Dale BrownFormer U.S. Air Force captain Dale Brown is the superstar author of 24 best-selling action-adventure “techno-thriller” novels: FLIGHT OF THE OLD DOG (1987), SILVER TOWER (1988), DAY OF THE CHEETAH (1989), HAMMERHEADS (1990), SKY MASTERS (1991), NIGHT OF THE HAWK (1992), CHAINS OF COMMAND (1993), STORMING HEAVEN (1994), SHADOWS OF STEEL (1996), FATAL TERRAIN (1997), THE TIN MAN (1998), BATTLE BORN, (1999), WARRIOR CLASS (2001), WINGS OF FIRE (2002), AIR BATTLE FORCE (2003), PLAN OF ATTACK (2004), ACT OF WAR (2005), EDGE OF BATTLE (2006), STRIKE FORCE (2007), SHADOW COMMAND (2008), ROGUE FORCES (2009), EXECUTIVE INTENT (2010), A TIME FOR PATRIOTS (2011), and TIGER’S CLAW (2012). His 25th novel, entitled STARFIRE, is scheduled for release in early 2014. He is also the co-author of the best-selling DREAMLAND techno-thriller series and writer and technical consultant of the Act of War PC real-time strategy game published by Atari Interactive, and the Megafortress PC flight simulator by Three-Sixty Pacific. Dale’s novels are published in 11 languages and distributed to over 70 countries. Worldwide sales of his novels, audiobooks, e-books, and computer games exceed 15 million copies.

Dale was born in Buffalo, New York on November 2, 1956. He graduated from Penn State University with a degree in Western European History and received an Air Force commission in 1978. He was a member of the first class of Air Force ROTC cadets to qualify for and complete the grueling three-week U.S. Army Airborne Infantry paratrooper training course at Fort Benning, Georgia in 1977.

Dale was a navigator-bombardier in the B-52G Stratofortress heavy bomber and the FB-111A supersonic medium bomber, and an instructor on aircrew life support and combat survival, evasion, resistance, and escape. He is the recipient of several military decorations and awards including the Air Force Commendation Medal with oak leaf cluster, the Combat Crew Award, and the Marksmanship ribbon.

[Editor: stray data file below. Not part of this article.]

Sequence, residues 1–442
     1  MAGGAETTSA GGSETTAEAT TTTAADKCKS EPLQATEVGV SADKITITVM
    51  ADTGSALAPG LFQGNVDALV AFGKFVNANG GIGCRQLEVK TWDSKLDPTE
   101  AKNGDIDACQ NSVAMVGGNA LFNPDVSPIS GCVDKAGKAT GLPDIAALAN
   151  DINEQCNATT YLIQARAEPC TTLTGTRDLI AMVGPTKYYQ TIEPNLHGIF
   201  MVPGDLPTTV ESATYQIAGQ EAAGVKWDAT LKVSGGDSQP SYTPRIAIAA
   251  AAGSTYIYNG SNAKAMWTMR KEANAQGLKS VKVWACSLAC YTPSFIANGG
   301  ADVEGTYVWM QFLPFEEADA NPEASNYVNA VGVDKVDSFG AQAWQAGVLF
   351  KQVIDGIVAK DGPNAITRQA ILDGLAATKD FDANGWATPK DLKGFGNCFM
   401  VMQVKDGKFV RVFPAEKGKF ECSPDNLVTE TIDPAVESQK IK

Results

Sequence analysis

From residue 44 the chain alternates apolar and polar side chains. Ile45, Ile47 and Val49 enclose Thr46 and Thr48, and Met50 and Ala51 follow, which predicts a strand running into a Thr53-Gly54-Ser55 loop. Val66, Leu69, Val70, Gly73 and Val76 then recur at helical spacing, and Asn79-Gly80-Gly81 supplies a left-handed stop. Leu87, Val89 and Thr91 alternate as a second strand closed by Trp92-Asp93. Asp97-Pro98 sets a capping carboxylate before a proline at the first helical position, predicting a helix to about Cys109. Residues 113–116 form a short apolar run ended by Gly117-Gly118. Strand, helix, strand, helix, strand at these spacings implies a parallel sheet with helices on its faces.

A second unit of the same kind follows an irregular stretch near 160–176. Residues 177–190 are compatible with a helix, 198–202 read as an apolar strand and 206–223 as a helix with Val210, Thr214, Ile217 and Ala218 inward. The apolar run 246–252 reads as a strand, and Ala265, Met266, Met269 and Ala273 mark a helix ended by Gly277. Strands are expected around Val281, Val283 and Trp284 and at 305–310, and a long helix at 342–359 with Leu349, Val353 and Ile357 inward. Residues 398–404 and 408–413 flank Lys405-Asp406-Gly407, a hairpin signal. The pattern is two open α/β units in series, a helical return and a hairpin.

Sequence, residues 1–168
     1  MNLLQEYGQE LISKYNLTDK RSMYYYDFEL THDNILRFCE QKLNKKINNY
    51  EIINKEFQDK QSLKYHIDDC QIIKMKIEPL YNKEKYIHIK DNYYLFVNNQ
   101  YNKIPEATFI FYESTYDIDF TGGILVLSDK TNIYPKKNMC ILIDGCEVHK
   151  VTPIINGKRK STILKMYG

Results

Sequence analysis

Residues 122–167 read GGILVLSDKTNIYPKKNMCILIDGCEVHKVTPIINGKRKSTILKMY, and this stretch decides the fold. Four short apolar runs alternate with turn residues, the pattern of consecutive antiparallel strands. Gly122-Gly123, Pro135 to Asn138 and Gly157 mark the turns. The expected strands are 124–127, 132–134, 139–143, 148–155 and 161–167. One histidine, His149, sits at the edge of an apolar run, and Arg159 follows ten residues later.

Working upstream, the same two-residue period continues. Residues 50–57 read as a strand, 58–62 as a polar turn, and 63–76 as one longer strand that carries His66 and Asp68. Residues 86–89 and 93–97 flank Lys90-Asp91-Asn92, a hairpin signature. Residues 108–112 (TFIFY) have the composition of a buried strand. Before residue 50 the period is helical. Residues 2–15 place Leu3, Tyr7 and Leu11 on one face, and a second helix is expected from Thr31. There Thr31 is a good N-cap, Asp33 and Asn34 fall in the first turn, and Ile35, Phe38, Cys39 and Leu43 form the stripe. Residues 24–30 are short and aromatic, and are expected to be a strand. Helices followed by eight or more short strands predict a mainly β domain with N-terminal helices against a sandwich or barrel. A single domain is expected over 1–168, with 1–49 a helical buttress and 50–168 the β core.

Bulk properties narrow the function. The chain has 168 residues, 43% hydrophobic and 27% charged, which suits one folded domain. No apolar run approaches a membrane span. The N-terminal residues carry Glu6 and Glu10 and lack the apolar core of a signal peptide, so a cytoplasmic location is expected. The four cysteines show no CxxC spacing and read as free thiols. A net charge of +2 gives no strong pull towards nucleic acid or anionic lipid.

Dale is a command pilot in Angel Flight West, a group that volunteer their time, skills, and aircraft to fly needy medical patients free of charge to receive medical treatment. Dale is also a mission pilot and deputy squadron commander in the Civil Air Patrol, which performs search and rescue, disaster relief, humanitarian assistance, surveillance, and many other missions in support of the U.S. Air Force and other federal agencies. He supports a number of organizations to promote law enforcement, education, literacy, and support for military veterans and their families.

Dale Brown is a Life Member of the Air Force Association, U.S. Naval Institute, and National Rifle Association. He is a multi-engine and instrument-rated private pilot and can often be found in the skies all across the United States, at the controls of his Cessna P210 Centurion. On the ground, Dale is a youth soccer referee and referee instructor and enjoys tennis and scuba diving. Dale, his wife Diane, and son Hunter live near Lake Tahoe, Nevada.

Connect With Dale Brown